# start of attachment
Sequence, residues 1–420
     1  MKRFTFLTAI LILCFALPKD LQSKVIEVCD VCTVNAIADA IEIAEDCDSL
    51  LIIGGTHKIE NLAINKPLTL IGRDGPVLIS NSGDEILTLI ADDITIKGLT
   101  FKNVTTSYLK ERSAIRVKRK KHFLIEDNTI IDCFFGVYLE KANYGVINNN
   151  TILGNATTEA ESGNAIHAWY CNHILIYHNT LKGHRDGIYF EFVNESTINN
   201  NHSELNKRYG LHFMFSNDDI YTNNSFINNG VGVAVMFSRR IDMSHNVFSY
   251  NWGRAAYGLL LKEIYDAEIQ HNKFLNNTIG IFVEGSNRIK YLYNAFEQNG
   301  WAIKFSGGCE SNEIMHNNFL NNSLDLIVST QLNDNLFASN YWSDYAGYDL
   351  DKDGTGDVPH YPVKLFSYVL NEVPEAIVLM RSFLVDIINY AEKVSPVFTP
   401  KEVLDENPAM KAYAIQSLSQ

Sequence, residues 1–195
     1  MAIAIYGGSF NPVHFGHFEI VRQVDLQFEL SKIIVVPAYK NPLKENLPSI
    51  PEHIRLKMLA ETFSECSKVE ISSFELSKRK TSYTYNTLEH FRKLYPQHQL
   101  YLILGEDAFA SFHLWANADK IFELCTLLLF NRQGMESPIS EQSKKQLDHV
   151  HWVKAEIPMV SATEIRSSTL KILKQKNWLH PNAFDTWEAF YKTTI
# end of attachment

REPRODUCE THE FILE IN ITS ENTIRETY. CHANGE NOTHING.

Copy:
Sequence, residues 1–420
     1  MKRFTFLTAI LILCFALPKD LQSKVIEVCD VCTVNAIADA IEIAEDCDSL
    51  LIIGGTHKIE NLAINKPLTL IGRDGPVLIS NSGDEILTLI ADDITIKGLT
   101  FKNVTTSYLK ERSAIRVKRK KHFLIEDNTI IDCFFGVYLE KANYGVINNN
   151  TILGNATTEA ESGNAIHAWY CNHILIYHNT LKGHRDGIYF EFVNESTINN
   201  NHSELNKRYG LHFMFSNDDI YTNNSFINNG VGVAVMFSRR IDMSHNVFSY
   251  NWGRAAYGLL LKEIYDAEIQ HNKFLNNTIG IFVEGSNRIK YLYNAFEQNG
   301  WAIKFSGGCE SNEIMHNNFL NNSLDLIVST QLNDNLFASN YWSDYAGYDL
   351  DKDGTGDVPH YPVKLFSYVL NEVPEAIVLM RSFLVDIINY AEKVSPVFTP
   401  KEVLDENPAM KAYAIQSLSQ

Sequence, residues 1–195
     1  MAIAIYGGSF NPVHFGHFEI VRQVDLQFEL SKIIVVPAYK NPLKENLPSI
    51  PEHIRLKMLA ETFSECSKVE ISSFELSKRK TSYTYNTLEH FRKLYPQHQL
   101  YLILGEDAFA SFHLWANADK IFELCTLLLF NRQGMESPIS EQSKKQLDHV
   151  HWVKAEIPMV SATEIRSSTL KILKQKNWLH PNAFDTWEAF YKTTI